film review: la la land
Discouraged by another failed audition, La La Land’s Mia (Emma Stone) takes the high, albeit hopeful, road to produce a one-woman show and forge her own luck in life. At one point, daunted by the feat, she worries to her lover Sebastian (Ryan Gosling): ‘It feels too nostalgic to me. Are people going to like it?’ And with no hesitation he responds, ‘fuck ‘em’.
In theory, a classic Hollywood musical in 2016 is a setup for failure. But like Mia, La La Land director Damien Chazelle couldn’t care less, rather choosing to pay tribute to the dreamers in his latest feature. It has paid off, with the film collecting countless award nominations and acclaim, and wowing critics for its novelty and charm as an expertly crafted jazz musical that hearkens back to the golden age of cinema.
It seemed only fitting that this film be set in present-day Los Angeles, where Mia works as a barista at the Warner Bros lot serving stars between auditions, and Sebastian barely survives as a recently unemployed jazz musician. As fate (and convention) would have it, they cross paths and together realise their deepest passions, heartaches and fears the only way a musical knows how: through spontaneous song and dance.
Characters burst from all corners delivering grandiose numbers, draped in vibrant reds, blues, and yellows. Other times conversation seeps seamlessly to song, switching pace for a more sombre tone that is equally captivating in its touching intimacy. It’s where the love affair is most visceral, where it erupts and where it sometimes fails – and it’s only amplified by Gosling and Stone’s visible on-screen chemistry.
Regardless of when, why or how, the music is strong – both lyrically and melodically – and it is varied, so its appearances are welcomed and never exceed their purpose. These moments forge parallels to Chazelle’s 2014 smash Whiplash, particularly when trumpets and drums suddenly roar and blare and invade a scene in all their raucous glory. Though only the director’s third feature, his filmography seems to chronicle a love affair he holds dear with jazz; one that only frequent collaborator Justin Hurwitz (who composed orchestral and lyrical work for each of Chazelle’s works) seems amply fit to convey.
But the music is only half of La La Land’s charm, the other being its glorious visuals. Los Angeles acts as a blank canvas ripe with possibility for cinematographer Linus Sandgren (Joy, American Hustle) to experiment with mood through clever lighting and colour. Scenes feels crafted for that exact moment – whether in times of drama or comedy, or when traversing the lines between fantasy and reality where Sebastian’s and Mia’s dreams are beautifully realised. Mia’s dress – canary yellow – beams against a pastel-pink sunset that’s fading against the night sky. Rich shadows frame a spotlight on a solitary Sebastian, who bangs at his piano keys in a turbulent moment of passion, erasing time and space wherein he and Mia endure as the only two souls in existence.
But among the flashy visuals and bombastic musical numbers is the film’s thematic substance – and that makes it special. The same nostalgia Chazelle attempts to reignite in format is conveyed through Mia’s and Sebastian’s separate pursuits: she dreams of making it big as an actress (that age-old fantasy for Hollywood stardom), and he dreams of opening a classic jazz lounge reminiscent of musical noir Blues in the Night. But soon enough, their affair begins to suffer at the helms of their success.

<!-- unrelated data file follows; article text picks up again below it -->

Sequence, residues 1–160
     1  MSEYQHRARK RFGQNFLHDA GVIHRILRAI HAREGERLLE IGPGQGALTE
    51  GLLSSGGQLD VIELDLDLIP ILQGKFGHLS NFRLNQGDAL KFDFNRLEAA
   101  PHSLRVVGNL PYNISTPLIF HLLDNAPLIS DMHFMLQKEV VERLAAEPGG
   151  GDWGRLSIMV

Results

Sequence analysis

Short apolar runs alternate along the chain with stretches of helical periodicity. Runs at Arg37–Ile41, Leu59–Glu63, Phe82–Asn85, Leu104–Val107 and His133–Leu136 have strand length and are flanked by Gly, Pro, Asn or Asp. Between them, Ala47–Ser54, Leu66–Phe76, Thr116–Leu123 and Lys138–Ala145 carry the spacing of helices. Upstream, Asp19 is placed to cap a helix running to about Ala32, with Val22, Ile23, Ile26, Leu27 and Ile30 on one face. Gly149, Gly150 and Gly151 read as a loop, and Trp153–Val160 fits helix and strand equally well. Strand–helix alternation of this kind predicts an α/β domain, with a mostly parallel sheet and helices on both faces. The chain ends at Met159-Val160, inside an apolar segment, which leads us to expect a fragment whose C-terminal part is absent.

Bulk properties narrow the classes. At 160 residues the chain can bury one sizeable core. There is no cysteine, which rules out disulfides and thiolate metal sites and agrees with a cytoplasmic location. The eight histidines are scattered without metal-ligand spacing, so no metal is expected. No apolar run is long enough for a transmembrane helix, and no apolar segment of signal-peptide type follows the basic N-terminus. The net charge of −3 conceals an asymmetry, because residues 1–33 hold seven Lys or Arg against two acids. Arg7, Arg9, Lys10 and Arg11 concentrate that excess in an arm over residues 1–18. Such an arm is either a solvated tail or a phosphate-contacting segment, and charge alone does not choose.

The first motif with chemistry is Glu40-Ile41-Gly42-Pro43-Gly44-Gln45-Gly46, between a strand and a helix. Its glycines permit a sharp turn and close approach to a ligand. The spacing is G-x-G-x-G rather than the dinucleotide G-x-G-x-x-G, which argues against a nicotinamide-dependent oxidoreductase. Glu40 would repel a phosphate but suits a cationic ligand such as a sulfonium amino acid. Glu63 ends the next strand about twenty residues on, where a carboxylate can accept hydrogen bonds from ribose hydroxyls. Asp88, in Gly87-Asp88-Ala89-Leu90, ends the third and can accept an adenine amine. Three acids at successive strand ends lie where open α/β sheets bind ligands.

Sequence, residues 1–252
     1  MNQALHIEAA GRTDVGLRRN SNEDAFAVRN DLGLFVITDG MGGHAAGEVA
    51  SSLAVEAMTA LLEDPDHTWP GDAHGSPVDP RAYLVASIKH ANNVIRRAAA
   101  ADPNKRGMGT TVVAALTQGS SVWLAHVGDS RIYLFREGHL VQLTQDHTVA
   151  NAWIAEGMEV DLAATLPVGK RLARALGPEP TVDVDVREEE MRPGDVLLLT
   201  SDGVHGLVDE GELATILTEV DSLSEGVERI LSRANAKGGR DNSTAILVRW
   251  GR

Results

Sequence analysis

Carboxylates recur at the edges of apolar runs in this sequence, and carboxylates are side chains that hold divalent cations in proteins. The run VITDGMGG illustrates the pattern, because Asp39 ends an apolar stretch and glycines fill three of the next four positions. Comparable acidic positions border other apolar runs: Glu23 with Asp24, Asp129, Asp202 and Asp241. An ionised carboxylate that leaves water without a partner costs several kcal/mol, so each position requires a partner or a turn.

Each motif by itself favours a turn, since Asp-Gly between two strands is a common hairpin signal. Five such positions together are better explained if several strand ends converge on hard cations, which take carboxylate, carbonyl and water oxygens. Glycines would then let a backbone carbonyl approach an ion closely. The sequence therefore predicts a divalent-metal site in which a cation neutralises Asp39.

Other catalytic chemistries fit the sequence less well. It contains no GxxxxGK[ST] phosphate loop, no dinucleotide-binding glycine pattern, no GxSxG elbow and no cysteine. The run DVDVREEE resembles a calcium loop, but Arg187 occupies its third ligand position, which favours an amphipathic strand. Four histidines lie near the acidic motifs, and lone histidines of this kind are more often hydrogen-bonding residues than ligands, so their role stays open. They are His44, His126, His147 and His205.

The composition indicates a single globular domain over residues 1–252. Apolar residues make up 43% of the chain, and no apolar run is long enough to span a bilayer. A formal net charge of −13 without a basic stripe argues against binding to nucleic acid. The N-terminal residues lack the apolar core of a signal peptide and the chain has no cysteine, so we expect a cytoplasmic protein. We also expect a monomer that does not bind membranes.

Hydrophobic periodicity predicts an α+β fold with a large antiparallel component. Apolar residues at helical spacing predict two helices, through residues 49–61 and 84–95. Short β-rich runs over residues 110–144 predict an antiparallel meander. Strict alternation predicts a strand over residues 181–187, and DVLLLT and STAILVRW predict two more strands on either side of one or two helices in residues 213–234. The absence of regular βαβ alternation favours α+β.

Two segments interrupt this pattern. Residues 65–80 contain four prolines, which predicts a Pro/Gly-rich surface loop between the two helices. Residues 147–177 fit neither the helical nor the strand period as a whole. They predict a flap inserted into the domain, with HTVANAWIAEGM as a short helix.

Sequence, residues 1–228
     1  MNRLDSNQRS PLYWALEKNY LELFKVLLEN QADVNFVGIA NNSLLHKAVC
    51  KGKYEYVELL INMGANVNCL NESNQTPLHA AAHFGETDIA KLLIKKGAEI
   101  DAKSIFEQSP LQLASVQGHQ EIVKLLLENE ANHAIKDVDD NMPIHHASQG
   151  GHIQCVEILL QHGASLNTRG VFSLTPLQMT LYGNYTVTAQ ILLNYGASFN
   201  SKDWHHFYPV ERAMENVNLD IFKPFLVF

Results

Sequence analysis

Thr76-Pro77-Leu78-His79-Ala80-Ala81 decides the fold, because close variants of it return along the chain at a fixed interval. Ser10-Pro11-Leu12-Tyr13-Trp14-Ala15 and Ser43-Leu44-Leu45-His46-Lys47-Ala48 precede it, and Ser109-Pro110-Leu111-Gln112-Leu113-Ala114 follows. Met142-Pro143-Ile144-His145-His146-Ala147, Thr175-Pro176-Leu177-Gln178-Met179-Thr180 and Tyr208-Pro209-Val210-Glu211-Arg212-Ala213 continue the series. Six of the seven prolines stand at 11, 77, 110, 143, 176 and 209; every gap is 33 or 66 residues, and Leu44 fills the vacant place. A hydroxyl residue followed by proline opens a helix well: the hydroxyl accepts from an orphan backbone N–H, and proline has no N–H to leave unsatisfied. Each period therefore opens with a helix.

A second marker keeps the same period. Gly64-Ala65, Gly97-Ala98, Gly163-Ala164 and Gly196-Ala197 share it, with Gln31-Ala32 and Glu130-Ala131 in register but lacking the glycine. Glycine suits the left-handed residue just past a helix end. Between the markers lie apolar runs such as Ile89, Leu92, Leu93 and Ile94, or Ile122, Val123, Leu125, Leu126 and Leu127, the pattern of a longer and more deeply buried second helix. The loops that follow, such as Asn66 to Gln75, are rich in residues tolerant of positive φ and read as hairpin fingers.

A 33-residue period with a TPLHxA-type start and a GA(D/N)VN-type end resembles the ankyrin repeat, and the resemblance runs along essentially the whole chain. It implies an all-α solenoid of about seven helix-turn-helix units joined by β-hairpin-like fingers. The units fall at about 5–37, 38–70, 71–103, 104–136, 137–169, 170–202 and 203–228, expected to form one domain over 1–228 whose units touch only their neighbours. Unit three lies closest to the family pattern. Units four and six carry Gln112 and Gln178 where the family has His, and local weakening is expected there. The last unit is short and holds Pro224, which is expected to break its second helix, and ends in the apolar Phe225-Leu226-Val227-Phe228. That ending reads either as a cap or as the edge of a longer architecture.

It’s Mia who really struggles with the concept of love most. On one hand, she rejects the genre’s Cinderella myth and avoids becoming a heroine who impulsively lusts for and depends on another to complete her. She’d rather dream big despite a lack of recognition, and risk it all for a chance at happiness – even if that means great sacrifice. But that’s not to disregard Sebastian entirely, who provides her with some much-needed motivation at times.
These personal battles with the reality of compromise echo way beyond each character’s narrative struggles. The otherwise tired themes of the genre – of falling in and out of love and following your dreams – could easily have made La La Land another stale variation of most romantic tales. But it’s not. The film tackles familiar territory, where ambition collides with fear when searching for professional and personal fulfilment, and challenges them entirely. In both Mia’s and Sebastian’s complex characterisations, and in Chazelle’s self-reflexive take on the genre, La La Land is as much entertainment as it is a poignant and nuanced exploration of humanity.
So the film’s cheery veneer quickly chips away, and the callousness of an industry that worships everything but values nothing reveals itself. Mia and Sebastian’s tumultuous love affair may leave their flaws and failures exposed, but they emerge as the film’s most authentic element amongst the great fakery that surrounds them. The magic and the whimsy that once saturated Hollywood has apparently been sorely missed. La La Land knows that fake is here to stay, but so are our collective journeys for happiness. So it chooses to celebrate it through witty, downright funny, and entertaining cinema that’s equally heart-warming as it is totally disheartening.
La La Land reminds me why I love cinema: for its wondrous experiences that transport me to another world, regardless of how extravagant or unreal. It’s here to reassure us viewers that maybe it is okay to be a dreamer, despite what anybody says.